Home Supermarket Swindle Supermarket Swindle: How The Color Green Affects Your Purchases

Supermarket Swindle: How The Color Green Affects Your Purchases

by Erika Nicole Kendall

Hey, what’s this a label for?

No hints!

Before you leave your comment…read the below.

Presented without comment:

Do people think 250 calories is a little or a lot for a candy bar? According to Cornell researcher Jonathon Schuldt and 93 university students, it depends on the color of the label.

Schuldt asked the group to imagine that they were hungry while waiting in a grocery checkout lane. They were then shown an image of a candy bar with a Photoshopped red or a green calorie label. When asked about factors that might affect their decision to buy, the students perceived the green-labeled bar as more healthful than the red one, despite identical caloric information.

Schuldt also conducted a similar experiment with online participants. They were shown candy that had either green or white labels and asked to rate how healthiness factored into their decision about which foods to buy and eat. Participants who placed a higher importance on healthy eating perceived the white-labeled candy bar as less healthful — but no such pattern appeared when the candy bar had a green label, again despite identical displaying calorie numbers.

According to Schuldt, “The green calorie labels buffer relatively poor nutrition foods from appearing less healthful among those especially concerned with healthy eating.” [source]

When I read this, all I can think of is the fact that this is marketing, taking advantage of peoples inability to be comfortable in their own decisions.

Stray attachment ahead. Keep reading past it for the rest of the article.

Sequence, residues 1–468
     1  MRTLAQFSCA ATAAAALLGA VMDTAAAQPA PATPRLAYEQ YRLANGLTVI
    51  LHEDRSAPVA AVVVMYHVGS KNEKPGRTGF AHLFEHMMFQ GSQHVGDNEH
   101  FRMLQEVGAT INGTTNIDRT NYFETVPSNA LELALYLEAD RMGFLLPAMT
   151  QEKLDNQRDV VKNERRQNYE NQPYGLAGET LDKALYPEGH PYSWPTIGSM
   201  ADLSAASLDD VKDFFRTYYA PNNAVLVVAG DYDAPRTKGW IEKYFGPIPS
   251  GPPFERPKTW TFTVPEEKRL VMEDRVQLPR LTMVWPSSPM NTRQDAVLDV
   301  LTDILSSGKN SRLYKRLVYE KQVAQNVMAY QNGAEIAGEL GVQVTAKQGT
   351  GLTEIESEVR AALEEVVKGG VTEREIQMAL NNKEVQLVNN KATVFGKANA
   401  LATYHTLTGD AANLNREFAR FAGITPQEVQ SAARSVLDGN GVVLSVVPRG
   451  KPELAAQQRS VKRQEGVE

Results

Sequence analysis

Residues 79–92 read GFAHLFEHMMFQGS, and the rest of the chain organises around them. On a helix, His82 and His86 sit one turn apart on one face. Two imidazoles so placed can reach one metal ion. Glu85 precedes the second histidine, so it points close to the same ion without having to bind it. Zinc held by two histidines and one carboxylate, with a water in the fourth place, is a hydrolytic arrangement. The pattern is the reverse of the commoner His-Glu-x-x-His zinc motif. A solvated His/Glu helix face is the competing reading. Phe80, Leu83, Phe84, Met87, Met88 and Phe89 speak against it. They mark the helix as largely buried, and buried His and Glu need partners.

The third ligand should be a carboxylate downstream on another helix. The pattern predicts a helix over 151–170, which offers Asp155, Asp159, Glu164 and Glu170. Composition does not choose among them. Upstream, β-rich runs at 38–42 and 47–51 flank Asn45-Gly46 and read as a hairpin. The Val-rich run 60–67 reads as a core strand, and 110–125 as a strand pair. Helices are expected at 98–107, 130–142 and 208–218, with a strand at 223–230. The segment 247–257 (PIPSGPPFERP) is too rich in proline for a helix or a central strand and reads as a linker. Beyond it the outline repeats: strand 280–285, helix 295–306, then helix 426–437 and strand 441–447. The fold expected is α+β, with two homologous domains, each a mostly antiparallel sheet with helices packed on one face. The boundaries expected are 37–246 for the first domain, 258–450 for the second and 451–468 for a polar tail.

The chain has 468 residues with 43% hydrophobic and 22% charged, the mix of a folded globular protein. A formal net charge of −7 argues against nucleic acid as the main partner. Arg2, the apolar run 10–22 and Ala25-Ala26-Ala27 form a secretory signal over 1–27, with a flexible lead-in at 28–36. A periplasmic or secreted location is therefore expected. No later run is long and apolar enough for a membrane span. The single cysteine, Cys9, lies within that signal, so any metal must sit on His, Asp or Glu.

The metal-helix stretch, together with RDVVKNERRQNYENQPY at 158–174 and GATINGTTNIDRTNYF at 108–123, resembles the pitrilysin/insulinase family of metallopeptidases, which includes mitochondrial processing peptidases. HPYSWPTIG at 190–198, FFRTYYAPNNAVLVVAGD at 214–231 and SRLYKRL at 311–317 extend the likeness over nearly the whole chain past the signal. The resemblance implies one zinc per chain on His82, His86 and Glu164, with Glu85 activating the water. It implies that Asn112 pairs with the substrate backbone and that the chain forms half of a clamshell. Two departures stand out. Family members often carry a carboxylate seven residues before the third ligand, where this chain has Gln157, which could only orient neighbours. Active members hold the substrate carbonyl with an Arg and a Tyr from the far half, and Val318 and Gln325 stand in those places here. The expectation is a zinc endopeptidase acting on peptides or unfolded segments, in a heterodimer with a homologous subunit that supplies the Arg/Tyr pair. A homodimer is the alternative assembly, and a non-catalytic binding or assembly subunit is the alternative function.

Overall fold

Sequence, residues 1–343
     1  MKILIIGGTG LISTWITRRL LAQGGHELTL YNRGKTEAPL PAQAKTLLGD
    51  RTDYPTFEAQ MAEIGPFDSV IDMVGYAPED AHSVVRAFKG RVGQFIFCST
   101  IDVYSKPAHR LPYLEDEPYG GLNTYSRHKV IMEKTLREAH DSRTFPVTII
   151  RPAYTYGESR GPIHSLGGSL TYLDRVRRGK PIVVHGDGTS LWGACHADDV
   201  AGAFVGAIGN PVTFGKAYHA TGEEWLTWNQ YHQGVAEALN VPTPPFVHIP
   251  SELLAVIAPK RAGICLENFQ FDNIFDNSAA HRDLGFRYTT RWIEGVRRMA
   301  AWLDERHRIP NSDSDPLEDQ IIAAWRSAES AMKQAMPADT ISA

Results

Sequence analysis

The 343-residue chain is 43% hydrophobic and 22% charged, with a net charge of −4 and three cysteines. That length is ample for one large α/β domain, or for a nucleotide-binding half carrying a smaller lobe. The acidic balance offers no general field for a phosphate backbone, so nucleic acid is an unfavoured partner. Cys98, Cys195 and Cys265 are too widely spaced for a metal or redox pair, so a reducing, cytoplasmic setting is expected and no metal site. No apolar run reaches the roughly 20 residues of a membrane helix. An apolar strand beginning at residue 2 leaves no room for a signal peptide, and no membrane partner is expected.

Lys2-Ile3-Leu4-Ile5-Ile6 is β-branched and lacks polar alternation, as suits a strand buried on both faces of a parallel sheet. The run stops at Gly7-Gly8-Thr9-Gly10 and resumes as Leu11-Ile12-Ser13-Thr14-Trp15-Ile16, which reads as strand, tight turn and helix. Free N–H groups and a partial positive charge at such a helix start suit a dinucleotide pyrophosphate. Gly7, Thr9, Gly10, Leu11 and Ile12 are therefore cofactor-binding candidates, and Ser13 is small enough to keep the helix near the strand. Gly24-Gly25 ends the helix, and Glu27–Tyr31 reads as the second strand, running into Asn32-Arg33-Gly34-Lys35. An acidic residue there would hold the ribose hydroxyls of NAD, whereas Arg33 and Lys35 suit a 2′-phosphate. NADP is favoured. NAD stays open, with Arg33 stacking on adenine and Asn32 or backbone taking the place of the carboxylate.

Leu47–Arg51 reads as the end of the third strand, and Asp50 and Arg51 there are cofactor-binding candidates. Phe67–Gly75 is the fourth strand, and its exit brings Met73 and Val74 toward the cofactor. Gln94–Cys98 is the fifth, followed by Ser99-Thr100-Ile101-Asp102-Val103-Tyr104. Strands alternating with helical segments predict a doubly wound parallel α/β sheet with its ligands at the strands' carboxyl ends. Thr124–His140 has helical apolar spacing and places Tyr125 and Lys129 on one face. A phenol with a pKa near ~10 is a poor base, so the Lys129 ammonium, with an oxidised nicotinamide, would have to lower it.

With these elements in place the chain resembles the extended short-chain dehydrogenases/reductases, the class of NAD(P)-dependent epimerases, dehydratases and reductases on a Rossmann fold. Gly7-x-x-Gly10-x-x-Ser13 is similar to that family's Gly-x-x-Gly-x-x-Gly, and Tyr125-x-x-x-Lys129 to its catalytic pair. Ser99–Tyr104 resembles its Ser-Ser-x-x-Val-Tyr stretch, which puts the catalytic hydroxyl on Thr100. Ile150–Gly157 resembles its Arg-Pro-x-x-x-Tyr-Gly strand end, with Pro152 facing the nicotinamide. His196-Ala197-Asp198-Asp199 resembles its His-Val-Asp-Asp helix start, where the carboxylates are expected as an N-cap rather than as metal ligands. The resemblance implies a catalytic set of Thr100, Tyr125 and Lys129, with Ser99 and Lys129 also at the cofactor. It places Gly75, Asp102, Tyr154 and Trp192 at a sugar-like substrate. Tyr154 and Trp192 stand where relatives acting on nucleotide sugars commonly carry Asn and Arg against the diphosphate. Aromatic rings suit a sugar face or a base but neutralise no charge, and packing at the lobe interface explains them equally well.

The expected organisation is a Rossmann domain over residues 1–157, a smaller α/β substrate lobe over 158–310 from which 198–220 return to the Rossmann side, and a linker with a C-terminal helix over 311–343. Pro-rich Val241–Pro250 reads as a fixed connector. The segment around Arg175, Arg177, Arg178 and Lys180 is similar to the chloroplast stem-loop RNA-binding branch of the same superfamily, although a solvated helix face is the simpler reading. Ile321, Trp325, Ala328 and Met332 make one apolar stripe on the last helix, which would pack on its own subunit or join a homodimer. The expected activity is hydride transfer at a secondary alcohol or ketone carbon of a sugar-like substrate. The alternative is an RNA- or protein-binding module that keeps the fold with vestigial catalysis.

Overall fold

I mean, as a designer, you become familiar with color psychology and how to use it to your advantage. That’s why hospital websites (and insurance companies, for that matter) cling to blues, banks cling to greens, sensuality and sexuality-based websites use lots of reds… the more examples I point out to you, the more obvious it may become.

Reds, yellows and greens all have very specific color psychology to us when used on products. Look in your kitchen, right now, and tell me what – other than, maybe, Lawry’s seasoned salt… and I know you have some in your kitchen because damn near everybody has it – has red all over it? Not much. Red always means stop, yellow means proceed with caution, and green means go HAM. Always has.

As consumers, we have to research what is best for ourselves, and be comfortable with those decisions. Letting pretty labeling, claims of “whole grains” or “now with vitamin X!,” and celebrity endorsements guide our judgment only steers us in the wrong direction.

No hints!

Look at that label again – did you figure out what that label was for, despite all its greenery? 11g fat, 22g sugar, 220 calories… if I do the quick math in my head, 11×9 = 109 calories from fat, 22×4=88 calories from sugar alone…maybe 5g from protein?

Oh. It’s a candy bar with nuts. Green light, indeed.

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kami May 8, 2013 - 10:57 AM

I am so guilty of falling for this marketing ploy. Now I often look at the ingredients. Then I look at the sugar and sodium content. Even though it might be low in calories, it could still be filled with edible garbage. My goal is to get vitamins and minerals from my foods.

Annette May 8, 2013 - 2:36 PM

For me 250 calories for a candy bar is a lot. Nutritionally it’s too much sugar. I will crash and burn and start to crave more since my is not getting the nutrition.

I am not sure what is going on with our food, or diet. When I speak to others in Asia, and Europe and South America. They eat a lot more calories yet they do walking and not a lot of strenuous exercise just daily chores.

I wonder if our stress level in America is dictating our metabolism levels. I know when I am not at work or in a stressful situation I lose weight without obsessing about it.

My intake daily is between 1200-1300 calories.

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